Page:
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The Greek Orthodox Archdiocese of America, with its headquarters located in the City of New York, is an Eparchy of the Ecumenical Patriarchate of Constantinople.
The Orthodox Church
The Orthodox Church today, numbering over 250 million worldwide, is a communion of self governing Churches, each administratively independent of the other, but united by a common faith and spirituality. Their underlying unity is based on identity of doctrines, sacramental life and worship, which distinguishes Orthodox Christianity. All recognize the spiritual preeminence of the Ecumenical Patriarch of Constantinople who is acknowledged as primus inter pares, first among equals. All share full communion with one another. The living tradition of the Church and the principles of concord and harmony are expressed through the common mind of the universal episcopate as the need arises. In all other matters, the internal life of each independent Church is administered by the bishops of that particular Church. Following the ancient principle of the one people of God in each place and the universal priesthood of all believers, the laity share equally in the responsibility for the preservation and propagation of the Christian faith and Church.
Before the establishment of an Archdiocese in the Western Hemisphere there were numerous communities of Greek Orthodox Christians. The first Greek Orthodox community in the Americas was founded in New Orleans, LA by a small colony of Greek merchants. History also records that on June 26,1768 the first Greek colonists landed at St. Augustine, FL, the oldest city in America. The first permanent community was founded in New York City in 1892, today’s Archdiocesan Cathedral of the Holy Trinity and the See of the Archbishop of America. The Greek Orthodox Archdiocese of North and South America was incorporated in 1921 and officially recognized by the State of New York in 1922.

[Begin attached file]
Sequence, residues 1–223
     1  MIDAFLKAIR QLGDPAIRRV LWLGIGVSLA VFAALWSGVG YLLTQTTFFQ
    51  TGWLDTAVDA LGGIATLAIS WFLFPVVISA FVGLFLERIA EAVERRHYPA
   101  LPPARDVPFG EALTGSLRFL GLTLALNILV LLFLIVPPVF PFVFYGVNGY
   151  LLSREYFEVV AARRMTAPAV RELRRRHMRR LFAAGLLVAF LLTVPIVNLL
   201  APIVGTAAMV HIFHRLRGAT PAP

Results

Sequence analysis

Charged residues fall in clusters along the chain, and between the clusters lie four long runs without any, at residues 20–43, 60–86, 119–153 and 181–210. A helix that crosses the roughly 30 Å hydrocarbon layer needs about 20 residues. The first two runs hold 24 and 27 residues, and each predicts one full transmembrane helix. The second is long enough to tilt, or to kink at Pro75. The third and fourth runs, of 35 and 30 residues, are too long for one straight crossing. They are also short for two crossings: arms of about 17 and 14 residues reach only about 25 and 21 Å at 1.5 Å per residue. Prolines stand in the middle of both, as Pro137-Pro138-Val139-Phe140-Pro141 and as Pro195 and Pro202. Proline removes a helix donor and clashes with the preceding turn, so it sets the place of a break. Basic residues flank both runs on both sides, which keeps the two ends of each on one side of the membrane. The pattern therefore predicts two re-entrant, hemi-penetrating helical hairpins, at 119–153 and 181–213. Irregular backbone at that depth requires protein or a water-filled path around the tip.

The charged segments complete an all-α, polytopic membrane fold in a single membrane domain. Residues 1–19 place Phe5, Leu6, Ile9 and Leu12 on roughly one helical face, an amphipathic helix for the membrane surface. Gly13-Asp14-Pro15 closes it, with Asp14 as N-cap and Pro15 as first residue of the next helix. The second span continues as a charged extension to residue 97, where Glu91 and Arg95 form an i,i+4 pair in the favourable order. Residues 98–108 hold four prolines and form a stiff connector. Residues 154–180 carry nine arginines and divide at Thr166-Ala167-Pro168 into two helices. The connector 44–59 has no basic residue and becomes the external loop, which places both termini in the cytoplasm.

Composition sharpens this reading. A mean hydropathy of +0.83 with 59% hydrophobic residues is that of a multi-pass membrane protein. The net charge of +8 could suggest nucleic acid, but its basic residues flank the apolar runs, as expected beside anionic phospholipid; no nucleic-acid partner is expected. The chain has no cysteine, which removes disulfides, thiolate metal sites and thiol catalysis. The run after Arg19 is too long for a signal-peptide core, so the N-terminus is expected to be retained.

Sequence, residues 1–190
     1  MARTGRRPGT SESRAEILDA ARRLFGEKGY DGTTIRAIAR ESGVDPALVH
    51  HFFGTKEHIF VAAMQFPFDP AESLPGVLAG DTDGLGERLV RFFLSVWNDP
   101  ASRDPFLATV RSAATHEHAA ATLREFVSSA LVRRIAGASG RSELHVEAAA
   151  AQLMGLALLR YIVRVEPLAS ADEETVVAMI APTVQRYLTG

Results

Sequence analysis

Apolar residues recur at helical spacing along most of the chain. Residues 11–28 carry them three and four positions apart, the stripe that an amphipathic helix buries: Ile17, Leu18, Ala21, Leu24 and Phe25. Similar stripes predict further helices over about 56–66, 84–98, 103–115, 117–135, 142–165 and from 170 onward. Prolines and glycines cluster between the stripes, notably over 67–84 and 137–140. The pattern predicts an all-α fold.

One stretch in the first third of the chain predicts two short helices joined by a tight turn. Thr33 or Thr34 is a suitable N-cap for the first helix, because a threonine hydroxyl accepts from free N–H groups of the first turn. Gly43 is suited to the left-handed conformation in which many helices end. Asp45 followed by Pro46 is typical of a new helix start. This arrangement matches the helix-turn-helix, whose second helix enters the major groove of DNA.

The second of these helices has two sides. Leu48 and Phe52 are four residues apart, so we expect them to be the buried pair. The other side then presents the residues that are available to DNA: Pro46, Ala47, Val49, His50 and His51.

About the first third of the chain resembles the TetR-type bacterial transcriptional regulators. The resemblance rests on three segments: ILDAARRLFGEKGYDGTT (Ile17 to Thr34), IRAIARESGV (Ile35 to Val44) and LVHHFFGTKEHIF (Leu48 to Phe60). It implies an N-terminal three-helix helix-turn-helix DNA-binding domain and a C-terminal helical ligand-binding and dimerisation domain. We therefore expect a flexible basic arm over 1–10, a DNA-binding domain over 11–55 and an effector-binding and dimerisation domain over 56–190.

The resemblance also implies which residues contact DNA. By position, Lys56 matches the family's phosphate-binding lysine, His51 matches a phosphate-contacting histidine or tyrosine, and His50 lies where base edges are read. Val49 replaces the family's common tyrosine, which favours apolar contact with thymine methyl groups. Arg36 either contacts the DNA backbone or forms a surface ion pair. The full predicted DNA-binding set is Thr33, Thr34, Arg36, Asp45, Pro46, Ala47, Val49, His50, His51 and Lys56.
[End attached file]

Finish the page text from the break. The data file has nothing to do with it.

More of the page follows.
The Greek Orthodox Archdiocese of America is composed of an Archdiocesan District -- New York and eight Metropolises: New Jersey, Chicago, Atlanta, Detroit, San Francisco, Pittsburgh, Boston and Denver. It is governed by the Archbishop and the Eparchial Synod of Bishops. The Synod of Bishops is headed by the Archbishop and comprised of the Bishops who oversee the ministry of the Metropolises. It has all the authority and responsibility which the Church canons provide for a provincial synod.
There are 540 parishes, 800 priests and approximately 1.5 million faithful in the Greek Orthodox Archdiocese of America. The Archdiocese receives within its ranks and under its spiritual aegis and pastoral care Orthodox Christians, who either as individuals or as organized groups in Metropolises and Parishes have voluntarily come to it and which acknowledge the ecclesiastical and canonical jurisdiction of the Ecumenical Patriarchate.
The mission of the Archdiocese is to proclaim the Gospel of Christ, to teach and spread the Orthodox Christian Faith, to energize, cultivate, and guide the life of the Church in the United States of America according to the Orthodox Christian Faith and Tradition.
The Greek Orthodox Church in America sanctifies the faithful through divine worship, especially the Holy Eucharist and other Sacraments, building the spiritual and ethical life of the faithful in accordance with the Holy Scriptures, Sacred Tradition, the doctrines and canons of the Ecumenical and local Councils, the canons of the Holy Apostles and the Fathers of the Church and of all other Councils recognized by the Orthodox Church.
The Archdiocese serves as a beacon, carrier, and witness of the message of Christ to all persons who live in the United States of America, through divine worship, preaching, teaching, and living of the Orthodox Christian Faith.